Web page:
In 1978 I was a sixties dropout, trying to crawl back into The System at Berkeley ten years later. I was also having an affair with my graduate advisor, which wasn’t popular even then. As a result, it was politely and nonverbally communicated to me that I shouldn’t bother applying for any fancy tenure-line jobs when I got my Ph.D. and why didn’t I just kind of go away?
Fortunately it was the beginning of the era of environmental carcinogenesis (powered in part by the Ames test, developed at Berkeley). I was able to take my brand new Ph.D. in epidemiology to what I’ll call the Medical Research Institute at Stanford and get hired.
However, Stanford was where I had dropped out of in the first place. It kind of gave me the creeps. Maybe it was the golf course on campus, maybe it was all those sorority girls in Maseratis, but somehow Stanford just wasn’t for me. But a job in the Bay Area was a job in the Bay Area so off I went.
Dr. X, who hired me, had set up the Institute, but the real power was Dr. Y, a big cheese in the Stanford medical school. Dr. Y was a mournful-looking man with long sensitive fingers who could find lymph nodes in your neck that other people didn’t even know existed. He peered down his patrician nose at me and I knew right away that this was going to be difficult.
The Stanford doctors were world leaders and I think Dr. Y looked down on Dr. X as a soft-money hustler who wasn’t in their exalted league. And above Dr. Y was Dr. Z—who was a Very Big Deal. Dr. VBD invented a partial cure for one of the first curable cancers. He had two deformed fingers on his right hand and when you met him he just kind of shoved his hand in yours and stared at you as if to say: “I came up with a very important partial cure for one of the first curable cancers. Deal with it.”
It soon turned out that Dr. X, my boss, wasn’t happy. For one reason, the Institute wasn’t exactly at Stanford, more sort of off to the side in the industrial park. They weren’t welcoming him into the core faculty either. “They don’t invite me to the important meetings,” he said plaintively, angling for my sympathy. He poured evil gossip into my ear, suggesting that Dr. Y was a disappointed man because his career hadn’t lived up to Dr. VBD’s. And Dr. Y never showed up at the Institute, leaving his giant office and monster executive chair empty as a permanent reproach to Dr. X.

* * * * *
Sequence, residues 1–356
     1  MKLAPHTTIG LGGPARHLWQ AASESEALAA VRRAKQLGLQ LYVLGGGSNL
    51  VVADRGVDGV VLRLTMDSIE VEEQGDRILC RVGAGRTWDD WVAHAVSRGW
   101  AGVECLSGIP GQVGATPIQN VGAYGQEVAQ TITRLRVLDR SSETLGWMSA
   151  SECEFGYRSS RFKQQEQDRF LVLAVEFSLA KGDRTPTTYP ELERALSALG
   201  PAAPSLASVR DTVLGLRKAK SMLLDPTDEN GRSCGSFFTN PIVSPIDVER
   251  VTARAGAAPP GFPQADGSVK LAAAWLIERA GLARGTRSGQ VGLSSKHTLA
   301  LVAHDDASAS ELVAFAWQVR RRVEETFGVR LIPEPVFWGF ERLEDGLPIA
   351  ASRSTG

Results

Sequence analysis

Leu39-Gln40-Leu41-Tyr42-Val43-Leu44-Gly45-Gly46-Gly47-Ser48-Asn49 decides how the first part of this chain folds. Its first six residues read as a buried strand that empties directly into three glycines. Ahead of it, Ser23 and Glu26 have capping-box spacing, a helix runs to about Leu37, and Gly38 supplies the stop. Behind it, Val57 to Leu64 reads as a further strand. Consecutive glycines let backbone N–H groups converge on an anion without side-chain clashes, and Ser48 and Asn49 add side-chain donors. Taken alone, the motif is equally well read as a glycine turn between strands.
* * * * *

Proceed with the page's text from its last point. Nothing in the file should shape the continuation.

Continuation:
Somehow all this ran downhill and landed on me. They fired me. Now, it is true I had been digging around in Stanford’s data. This wasn’t a smart idea for a junior researcher, as any reasonable person would have realized. And it is also true that I was feverishly writing grant proposals to ensure my own survival, rather than greasing up to the Big Deals on campus. But the official reason for firing me was that I wasn’t an M.D.
Dr. X said it was Dr. Y who did it, for reasons of style. “You’re a maverick, you dress like that….” And indeed I was still wearing the official dropout uniform of jeans, leather jacket, and hunched, James Dean–like shrug. But since I wasn’t any less of an M.D. than when they hired me, it seemed a little unfair.
Fortunately the chair of the UCSF epidemiology department was a collaborator in the Institute and he thought it was unfair too. He extended a slender reed: a one-year, half-time appointment in his department. And miracle of miracles, my grant got funded! (Testicular Cancer and Prenatal Diethylstilbestrol Exposure. Not a world-shaker, but solid.)
Pretty soon, I had a career. I ran into my Stanford advisor at a conference and he stared at me with amazement: “You dropped out of Stanford and you had a scientific career anyway!”
Given what was happening in San Francisco, my career turned out to be in AIDS epidemiology rather than in environmental cancer. And so Dr. Y turned up in my life one more time, as a member of the external advisory board of the UCSF AIDS program. Amazingly enough he tried to get me fired again, possibly for still not being an M.D. But that’s another story.